Can lightning strike twice in two years at the French?
There are enough intriguing elements to tomorrow's French Open final between Rafael Nadal and Robin Soderling to keep people up all night in anticipation. Rather than turn in, many tennis fans are currently queueing up the Warren Zevon song "I'll sleep when I'm dead," and getting their popcorn ready for what promises to be one of the most exciting Grand Slam finals in a long time.
Nadal, the king of clay, seeks his fifth Roland Garros title, while Soderling, the avenger, seeks once again to crush the hopes and dreams of one of the game's greats (he's becoming a true expert at that to be sure).
While some may still be lamenting the fact that Roger Federer missed his chance to take another stab at Nadal on the red clay of Stade Phillipe Chatrier, most have come to grips with the fact that there simply could not be a more drool-worthy final matchup than Nadal-Soderling.
The history is indeed hard to ignore. Of the five matches that these two have played, two have lived on in infamy.
Things got ugly between Nadal and Soderling at Wimbledon in 2007, and since then their rivalry has taken on an added dimension. While it's always about tennis first with these two, there is now an undercurrent of animosity that adds color to their impending clash. Whether or not these two actually throw darts at pictures of the other on a regular basis is unknown, but there is good reason to speculate on the matter.
In the fifth set of their third-round match, Nadal, irked by Soderling's decision to run to his chair to grab a new racquet as he was preparing to serve, made mock gesture of showing Soderling the ball when he returned, as if to say "are you ready now, dude?"
The crowd burst into laughter, and a miffed Soderling then proceeded to delay the match further by stamping around the baseline and becoming the first player on tour - even before Djokovic had the gall to do it in a good natured manner - to poke fun at Nadal's well-known habit of picking his shorts from his butt.
The rest is history. Nadal won the match, then crushed Soderling love and one on the clay the next time they met - two years later - in Rome.
Little did we know that all this time Soderling was planning a swift and decisive revenge. Again this is purely speculation, but he sure played like a man out for revenge when he shocked Nadal into submission at Roland Garros last year.
At a time when the public was certain that Rafa could not be tamed on the red clay, Soderling pulled the upset of the century, and then emerged as a first-time Grand Slam finalist later in the week.
One year later, Soderling - who is now firmly ensconced in the top-10 - thrashed Roger Federer to end his streak of 23 Grand Slam semifinal appearances, proving that he remains ready, willing, and able to go on a rampage.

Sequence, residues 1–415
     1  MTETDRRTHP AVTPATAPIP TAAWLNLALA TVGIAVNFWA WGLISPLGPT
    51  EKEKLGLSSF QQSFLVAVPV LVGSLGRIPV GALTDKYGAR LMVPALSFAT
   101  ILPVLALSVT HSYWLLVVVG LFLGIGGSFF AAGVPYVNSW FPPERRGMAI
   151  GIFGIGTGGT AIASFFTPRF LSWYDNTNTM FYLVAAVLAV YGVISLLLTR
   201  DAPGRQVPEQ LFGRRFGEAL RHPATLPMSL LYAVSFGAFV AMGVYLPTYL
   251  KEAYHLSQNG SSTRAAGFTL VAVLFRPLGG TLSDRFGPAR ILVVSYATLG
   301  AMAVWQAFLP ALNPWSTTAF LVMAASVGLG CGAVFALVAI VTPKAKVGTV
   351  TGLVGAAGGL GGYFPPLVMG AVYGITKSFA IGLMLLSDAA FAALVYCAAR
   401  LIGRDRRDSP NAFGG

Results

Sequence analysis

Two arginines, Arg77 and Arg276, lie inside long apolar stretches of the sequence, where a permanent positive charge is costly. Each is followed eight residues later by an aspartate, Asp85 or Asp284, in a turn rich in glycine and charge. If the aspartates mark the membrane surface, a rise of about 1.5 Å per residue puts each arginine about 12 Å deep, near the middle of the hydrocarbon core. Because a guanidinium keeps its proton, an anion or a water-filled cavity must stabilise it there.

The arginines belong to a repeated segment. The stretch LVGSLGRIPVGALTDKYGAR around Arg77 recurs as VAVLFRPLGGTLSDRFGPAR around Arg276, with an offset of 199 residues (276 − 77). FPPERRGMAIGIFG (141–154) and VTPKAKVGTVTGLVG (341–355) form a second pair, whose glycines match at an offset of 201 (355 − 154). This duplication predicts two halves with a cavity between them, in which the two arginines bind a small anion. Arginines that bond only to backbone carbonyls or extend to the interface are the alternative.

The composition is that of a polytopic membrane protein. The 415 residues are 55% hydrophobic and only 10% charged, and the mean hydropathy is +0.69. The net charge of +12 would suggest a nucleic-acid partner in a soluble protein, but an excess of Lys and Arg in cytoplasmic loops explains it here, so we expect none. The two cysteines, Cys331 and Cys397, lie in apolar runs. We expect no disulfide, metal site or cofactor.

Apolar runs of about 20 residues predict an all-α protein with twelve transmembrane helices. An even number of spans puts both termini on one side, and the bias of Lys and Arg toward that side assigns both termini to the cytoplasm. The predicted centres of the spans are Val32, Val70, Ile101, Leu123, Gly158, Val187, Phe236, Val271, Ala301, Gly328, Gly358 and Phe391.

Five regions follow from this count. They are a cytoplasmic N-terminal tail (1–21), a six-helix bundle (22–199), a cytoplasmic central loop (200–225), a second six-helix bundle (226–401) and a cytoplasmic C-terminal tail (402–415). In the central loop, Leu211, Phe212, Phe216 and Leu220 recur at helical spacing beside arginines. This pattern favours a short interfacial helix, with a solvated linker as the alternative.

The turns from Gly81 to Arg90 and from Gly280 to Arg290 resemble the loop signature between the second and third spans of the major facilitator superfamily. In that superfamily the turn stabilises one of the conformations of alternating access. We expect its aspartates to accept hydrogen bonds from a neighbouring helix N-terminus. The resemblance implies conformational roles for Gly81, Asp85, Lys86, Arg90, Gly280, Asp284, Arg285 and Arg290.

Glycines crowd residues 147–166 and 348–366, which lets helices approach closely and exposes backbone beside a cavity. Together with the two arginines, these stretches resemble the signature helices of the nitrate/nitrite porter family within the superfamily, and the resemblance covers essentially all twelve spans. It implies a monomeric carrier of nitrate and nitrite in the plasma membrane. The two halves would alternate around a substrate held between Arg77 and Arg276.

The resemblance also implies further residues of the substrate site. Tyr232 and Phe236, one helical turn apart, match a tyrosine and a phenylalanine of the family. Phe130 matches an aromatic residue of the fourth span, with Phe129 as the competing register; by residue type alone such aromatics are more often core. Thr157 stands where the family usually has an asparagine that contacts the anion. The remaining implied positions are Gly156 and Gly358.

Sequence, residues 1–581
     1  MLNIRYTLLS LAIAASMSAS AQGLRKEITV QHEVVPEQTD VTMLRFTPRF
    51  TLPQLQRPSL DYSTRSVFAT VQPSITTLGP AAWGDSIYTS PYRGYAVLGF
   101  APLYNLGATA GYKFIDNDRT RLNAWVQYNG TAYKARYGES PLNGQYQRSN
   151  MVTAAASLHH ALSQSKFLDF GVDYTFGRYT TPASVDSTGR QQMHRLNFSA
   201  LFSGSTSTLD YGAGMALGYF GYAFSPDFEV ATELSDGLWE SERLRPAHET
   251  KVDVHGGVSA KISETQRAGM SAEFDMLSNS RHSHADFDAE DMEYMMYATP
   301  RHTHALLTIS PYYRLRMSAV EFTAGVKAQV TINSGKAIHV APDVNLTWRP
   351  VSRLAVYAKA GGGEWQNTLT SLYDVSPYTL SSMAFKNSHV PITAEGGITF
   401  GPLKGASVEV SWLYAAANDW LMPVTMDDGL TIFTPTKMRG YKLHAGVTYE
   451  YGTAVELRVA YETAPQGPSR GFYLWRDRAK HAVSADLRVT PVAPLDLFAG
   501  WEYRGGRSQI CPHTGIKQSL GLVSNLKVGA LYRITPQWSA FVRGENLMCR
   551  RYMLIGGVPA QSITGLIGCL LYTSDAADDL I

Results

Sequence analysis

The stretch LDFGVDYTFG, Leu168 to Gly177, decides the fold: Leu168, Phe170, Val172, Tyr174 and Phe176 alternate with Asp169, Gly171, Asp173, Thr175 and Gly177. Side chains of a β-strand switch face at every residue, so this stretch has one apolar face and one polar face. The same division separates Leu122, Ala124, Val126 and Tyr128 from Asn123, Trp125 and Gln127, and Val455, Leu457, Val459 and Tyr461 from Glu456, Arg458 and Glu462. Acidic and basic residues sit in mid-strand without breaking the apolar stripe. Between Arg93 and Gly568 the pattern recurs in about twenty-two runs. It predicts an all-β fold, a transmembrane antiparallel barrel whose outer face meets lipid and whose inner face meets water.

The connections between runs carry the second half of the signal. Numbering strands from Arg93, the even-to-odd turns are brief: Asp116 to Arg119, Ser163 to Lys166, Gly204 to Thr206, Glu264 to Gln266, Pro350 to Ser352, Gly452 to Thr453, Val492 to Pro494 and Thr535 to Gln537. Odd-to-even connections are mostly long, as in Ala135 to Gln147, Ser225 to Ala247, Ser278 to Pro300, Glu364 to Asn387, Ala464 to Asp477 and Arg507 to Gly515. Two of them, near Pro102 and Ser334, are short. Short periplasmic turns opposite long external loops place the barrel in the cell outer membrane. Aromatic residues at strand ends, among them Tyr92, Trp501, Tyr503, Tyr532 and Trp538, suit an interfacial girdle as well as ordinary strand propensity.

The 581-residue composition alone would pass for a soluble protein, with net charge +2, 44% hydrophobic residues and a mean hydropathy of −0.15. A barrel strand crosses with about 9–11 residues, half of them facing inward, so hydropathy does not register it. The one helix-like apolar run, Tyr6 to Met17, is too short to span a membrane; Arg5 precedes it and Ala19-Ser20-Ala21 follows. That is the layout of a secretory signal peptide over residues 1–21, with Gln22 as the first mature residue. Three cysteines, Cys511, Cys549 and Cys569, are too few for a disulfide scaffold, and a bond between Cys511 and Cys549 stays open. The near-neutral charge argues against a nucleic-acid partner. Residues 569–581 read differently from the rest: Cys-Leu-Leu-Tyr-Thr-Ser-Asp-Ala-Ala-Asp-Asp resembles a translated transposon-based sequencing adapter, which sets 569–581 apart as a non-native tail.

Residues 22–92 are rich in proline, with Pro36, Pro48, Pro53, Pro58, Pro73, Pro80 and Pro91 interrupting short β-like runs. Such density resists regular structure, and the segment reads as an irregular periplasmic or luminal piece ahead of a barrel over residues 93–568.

But don't think for a moment that he'll be able to catch Nadal off guard like he did last year. Whether or not Nadal's injuries were already lowering his level of play when Soderling met him last year is a question that might be better off left alone. But the mere fact that Rafa was beaten - and beaten so badly - last year, means that his already legendary will to fight and to find solutions will be heightened significantly. We've all seen Nadal demonstrate that iron will and stiff resolve of his on so many occasions - look for him to be ready for the battle of his life tomorrow.
And what can we expect from Soderling, now that he's been to a Slam final before?
"Hopefully I can handle it a little bit better this year than I did last year, because last year everything was so new for me. I played many matches against good players, I think I learned from every one."
Meanwhile, Nadal is not interested in drawing Soderling's ire. When asked about his relations with the big Swede he diplomatically replied, "I think he was very shy in the beginning. I think so, no? But I think he improves a lot. For sure for me is good to have a player like Robin playing at this high level on the tour."
Neither player appears interested in wasting any energy - positive or negative - in press conferences. Better for them to save it all for the match.
Better for us, too.
As far as the tennis goes, we are talking about the two players who approach the clay in different ways, but both have achieved stunning success at Roland Garros.
Nadal is the grinder who seeks to tire his opponent by sending his lethal topspin drives from corner to corner, while Soderling is the home-run hitter who looks to hammer the first short ball that he sees in each rally.
Conditions will no doubt play a factor, as Soderling will hope that he gets dankness and wet clay, because this will allow him more time to run down Nadal's shots, while his power will still allow him to hit through the conditions. Nadal, meanwhile, will hope for sunshine, as the drier the clay is, the higher his shots will bounce, and the faster his shots will move through the court.
But neither player appears too concerned about all the things that are so intriguing to us.
"I have to play my best tennis, and that's what I gonna try to do," said Nadal.